Safety Information for Motor Mechanics in the Workplace

March 7, 2016 | Posted by LR Parts

motor mechanic safety According to the Health and Safety Executive, there have been over 7000 injuries and 33 deaths in the motor vehicle repair industry over the last 5 years alone.

But many of these injuries and deaths have come about because people haven’t followed simple safety instructions or are using the wrong equipment. A broken ankle or lost finger needn’t be a badge of honour for a motor mechanic, so follow these six simple steps and stay safe in your workshop.

Ventilate your workspace

Exhaust fumes are toxic and inhaling them all day can lead to serious illness and in the worst-case scenario death. So if you’re working in a garage or workshop all day with cars that are ticking-over you need to ensure your working area is properly ventilated, and this doesn’t mean just opening a back window. So if you are in any doubt, when working on a car with the engine running – do it outside.

Always wear a mask

Fumes from substances such as spray paint, brake fluid and filler can be just as dangerous as those from engine exhausts. So if you are working within close proximity of any chemicals you should ALWAYS wear a mask. And this doesn’t just mean a scarf over your face; it should be a properly fitted mechanics mask which displays the British Standard kitemark.

Grab your goggles

Whether you’re welding, soldering or even carrying out a simple brake test, you should always wear safety goggles. Workshops and garages will always have the potential for flying fragments that can cause serious damage to your sight and even the loss of an eye. So get into the habit of wearing goggles all the time; in that way, they will become second nature and you won’t even realise you are wearing them.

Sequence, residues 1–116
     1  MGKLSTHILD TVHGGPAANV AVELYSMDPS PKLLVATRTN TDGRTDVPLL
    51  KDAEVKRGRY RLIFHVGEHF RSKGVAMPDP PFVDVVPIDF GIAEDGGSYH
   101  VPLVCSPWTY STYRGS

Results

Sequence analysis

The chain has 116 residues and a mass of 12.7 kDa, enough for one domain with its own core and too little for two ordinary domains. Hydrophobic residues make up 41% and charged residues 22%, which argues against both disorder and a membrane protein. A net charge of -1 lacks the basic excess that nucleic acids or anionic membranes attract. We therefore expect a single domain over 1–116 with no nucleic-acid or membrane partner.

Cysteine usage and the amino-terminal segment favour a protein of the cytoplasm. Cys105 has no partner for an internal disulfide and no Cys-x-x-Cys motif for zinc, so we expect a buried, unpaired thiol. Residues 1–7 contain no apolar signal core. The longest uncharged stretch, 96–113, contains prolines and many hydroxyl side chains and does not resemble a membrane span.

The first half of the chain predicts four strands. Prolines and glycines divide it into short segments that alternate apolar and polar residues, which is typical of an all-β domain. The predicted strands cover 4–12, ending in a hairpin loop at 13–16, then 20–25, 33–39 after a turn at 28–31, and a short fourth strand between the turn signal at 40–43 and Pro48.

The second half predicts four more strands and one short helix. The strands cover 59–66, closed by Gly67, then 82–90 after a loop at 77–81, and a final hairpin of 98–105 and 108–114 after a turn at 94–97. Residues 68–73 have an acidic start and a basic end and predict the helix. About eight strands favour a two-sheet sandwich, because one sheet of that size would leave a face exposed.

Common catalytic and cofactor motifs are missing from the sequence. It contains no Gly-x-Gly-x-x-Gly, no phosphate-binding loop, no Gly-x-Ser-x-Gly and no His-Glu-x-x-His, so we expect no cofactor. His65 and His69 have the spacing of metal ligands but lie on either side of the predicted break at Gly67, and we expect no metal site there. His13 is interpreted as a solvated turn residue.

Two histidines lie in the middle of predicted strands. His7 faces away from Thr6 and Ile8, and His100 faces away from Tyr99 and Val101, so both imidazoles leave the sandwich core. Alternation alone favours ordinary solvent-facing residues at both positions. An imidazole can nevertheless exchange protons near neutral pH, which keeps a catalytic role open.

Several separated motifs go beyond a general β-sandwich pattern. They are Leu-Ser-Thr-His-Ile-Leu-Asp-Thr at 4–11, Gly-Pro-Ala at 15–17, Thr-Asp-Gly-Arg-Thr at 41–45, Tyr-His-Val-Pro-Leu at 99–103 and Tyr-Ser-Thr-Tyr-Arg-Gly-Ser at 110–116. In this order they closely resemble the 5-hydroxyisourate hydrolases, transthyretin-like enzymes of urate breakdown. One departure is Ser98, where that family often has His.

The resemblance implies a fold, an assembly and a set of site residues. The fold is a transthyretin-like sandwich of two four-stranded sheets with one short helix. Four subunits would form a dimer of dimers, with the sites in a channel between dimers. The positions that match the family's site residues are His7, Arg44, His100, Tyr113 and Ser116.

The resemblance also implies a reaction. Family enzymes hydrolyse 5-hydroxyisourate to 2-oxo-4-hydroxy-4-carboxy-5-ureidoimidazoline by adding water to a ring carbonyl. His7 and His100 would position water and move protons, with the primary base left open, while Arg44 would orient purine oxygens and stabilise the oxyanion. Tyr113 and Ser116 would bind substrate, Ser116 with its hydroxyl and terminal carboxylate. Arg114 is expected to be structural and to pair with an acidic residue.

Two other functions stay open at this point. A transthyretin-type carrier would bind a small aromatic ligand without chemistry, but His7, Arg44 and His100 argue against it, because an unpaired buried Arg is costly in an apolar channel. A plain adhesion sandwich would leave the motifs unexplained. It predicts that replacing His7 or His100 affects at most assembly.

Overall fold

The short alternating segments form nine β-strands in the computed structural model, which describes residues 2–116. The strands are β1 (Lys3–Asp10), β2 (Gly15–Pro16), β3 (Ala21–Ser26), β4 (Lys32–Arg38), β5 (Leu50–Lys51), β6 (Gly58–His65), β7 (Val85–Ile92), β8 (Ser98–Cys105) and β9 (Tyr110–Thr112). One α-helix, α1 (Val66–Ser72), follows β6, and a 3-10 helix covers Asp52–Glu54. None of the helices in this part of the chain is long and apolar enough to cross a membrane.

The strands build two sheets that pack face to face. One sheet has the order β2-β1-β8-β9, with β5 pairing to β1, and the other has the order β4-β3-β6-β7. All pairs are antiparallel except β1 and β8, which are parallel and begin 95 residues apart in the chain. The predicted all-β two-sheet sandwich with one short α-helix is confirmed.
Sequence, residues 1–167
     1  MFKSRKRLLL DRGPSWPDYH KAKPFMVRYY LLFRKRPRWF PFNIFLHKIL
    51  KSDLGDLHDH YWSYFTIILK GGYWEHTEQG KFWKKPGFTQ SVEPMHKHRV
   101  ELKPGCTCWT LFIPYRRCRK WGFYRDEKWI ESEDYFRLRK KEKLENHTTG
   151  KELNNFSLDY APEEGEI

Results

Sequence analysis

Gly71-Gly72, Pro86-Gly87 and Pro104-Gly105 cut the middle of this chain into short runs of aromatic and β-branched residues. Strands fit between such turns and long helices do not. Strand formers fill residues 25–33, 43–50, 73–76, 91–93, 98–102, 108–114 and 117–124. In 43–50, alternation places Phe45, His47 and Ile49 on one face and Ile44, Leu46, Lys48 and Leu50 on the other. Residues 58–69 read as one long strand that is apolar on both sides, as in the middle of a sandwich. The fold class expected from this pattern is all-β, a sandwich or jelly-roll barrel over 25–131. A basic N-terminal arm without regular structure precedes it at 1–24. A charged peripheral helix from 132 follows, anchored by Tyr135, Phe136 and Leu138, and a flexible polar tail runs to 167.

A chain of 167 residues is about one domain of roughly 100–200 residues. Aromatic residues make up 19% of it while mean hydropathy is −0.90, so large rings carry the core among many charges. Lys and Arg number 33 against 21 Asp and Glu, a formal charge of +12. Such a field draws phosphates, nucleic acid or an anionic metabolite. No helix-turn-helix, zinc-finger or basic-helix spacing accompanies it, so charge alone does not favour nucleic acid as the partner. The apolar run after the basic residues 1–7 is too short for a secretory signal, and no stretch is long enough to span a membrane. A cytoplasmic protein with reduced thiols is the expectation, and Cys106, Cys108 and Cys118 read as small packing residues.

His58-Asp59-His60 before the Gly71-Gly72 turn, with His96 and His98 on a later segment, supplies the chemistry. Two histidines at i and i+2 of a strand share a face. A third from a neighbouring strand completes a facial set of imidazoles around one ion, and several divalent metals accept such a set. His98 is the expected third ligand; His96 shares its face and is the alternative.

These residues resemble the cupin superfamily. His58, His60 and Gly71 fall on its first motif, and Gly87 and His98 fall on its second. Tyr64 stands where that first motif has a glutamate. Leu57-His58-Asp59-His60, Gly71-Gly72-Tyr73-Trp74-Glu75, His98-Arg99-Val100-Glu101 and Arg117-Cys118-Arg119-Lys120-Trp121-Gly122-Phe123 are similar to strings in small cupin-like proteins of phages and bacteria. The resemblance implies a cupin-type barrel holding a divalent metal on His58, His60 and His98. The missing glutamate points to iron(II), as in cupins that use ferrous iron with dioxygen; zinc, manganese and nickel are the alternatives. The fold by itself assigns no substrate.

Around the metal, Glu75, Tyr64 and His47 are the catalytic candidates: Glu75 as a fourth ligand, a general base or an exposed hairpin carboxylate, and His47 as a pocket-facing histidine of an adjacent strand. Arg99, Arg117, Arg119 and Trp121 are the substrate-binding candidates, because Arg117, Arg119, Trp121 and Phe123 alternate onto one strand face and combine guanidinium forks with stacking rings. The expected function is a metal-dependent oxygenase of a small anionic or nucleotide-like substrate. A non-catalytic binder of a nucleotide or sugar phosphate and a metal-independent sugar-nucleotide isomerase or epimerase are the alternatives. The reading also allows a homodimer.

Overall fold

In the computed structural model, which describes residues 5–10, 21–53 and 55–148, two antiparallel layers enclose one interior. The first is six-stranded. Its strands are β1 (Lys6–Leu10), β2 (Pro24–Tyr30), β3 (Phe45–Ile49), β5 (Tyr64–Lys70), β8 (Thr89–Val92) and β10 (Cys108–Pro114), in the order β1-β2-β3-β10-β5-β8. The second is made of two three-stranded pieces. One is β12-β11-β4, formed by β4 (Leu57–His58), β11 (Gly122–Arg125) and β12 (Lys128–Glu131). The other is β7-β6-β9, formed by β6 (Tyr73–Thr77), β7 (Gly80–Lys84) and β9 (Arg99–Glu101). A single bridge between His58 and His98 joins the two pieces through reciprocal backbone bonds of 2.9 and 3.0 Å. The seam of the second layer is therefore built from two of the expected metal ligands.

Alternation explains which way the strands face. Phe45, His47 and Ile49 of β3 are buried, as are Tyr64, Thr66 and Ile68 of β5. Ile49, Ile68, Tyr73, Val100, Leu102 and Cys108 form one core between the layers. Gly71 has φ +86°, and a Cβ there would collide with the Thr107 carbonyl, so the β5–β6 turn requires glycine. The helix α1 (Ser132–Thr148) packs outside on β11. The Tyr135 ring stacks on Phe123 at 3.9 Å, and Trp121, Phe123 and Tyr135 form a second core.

Don’t forget gloves

A strong pair of gloves will go some way to protecting your digits from sharp objects and dangerous machinery, but working with chemicals and dangerous fluids day-in-day-out can cause long-term damage to the skin such as dermatitis. So even for the slightest task, it’s advised that you wear a thin pair of latex gloves to prevent future skin complaints and complications.

Lift properly

Lifting gearboxes, tyres or engine parts all day will certainly take their toll on your knees, back and shoulders; possibly causing problems like arthritis in later life, if not worse. Lifting heavy objects the correct way will greatly reduce the risk of injury and soreness. So learn to consistently use the proper technique when lifting in the workshop to keep yourself safe, each and every time.
Don’t be afraid to ask for help
It’s often the case that some jobs are just too big for one person to undertake. Trying to cut corners or do things that might stretch you to your limits could ultimately cause serious injury. It may not seem like the most macho thing to do, but if a job is simply too big to tackle yourself – ask a friend or colleague for help.